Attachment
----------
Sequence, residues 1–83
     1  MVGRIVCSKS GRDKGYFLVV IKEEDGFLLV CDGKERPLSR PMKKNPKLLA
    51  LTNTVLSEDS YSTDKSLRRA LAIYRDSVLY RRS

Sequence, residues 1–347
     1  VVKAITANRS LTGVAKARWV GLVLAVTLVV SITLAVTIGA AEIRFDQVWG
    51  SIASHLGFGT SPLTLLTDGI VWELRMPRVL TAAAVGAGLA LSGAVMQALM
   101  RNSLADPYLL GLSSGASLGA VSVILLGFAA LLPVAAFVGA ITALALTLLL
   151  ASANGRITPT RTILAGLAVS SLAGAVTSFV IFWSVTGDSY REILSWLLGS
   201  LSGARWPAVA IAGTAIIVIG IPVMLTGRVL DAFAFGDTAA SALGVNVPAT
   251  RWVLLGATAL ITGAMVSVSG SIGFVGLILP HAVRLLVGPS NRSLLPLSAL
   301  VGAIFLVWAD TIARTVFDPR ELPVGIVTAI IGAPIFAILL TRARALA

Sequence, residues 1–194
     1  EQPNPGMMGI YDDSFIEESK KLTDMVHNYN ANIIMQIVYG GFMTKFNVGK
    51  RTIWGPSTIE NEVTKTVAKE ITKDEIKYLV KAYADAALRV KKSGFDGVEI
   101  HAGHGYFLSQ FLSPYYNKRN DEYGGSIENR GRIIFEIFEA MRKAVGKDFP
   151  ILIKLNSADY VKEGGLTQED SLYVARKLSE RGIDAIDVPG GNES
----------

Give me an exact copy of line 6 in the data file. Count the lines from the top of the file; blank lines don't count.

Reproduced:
    51  SIASHLGFGT SPLTLLTDGI VWELRMPRVL TAAAVGAGLA LSGAVMQALM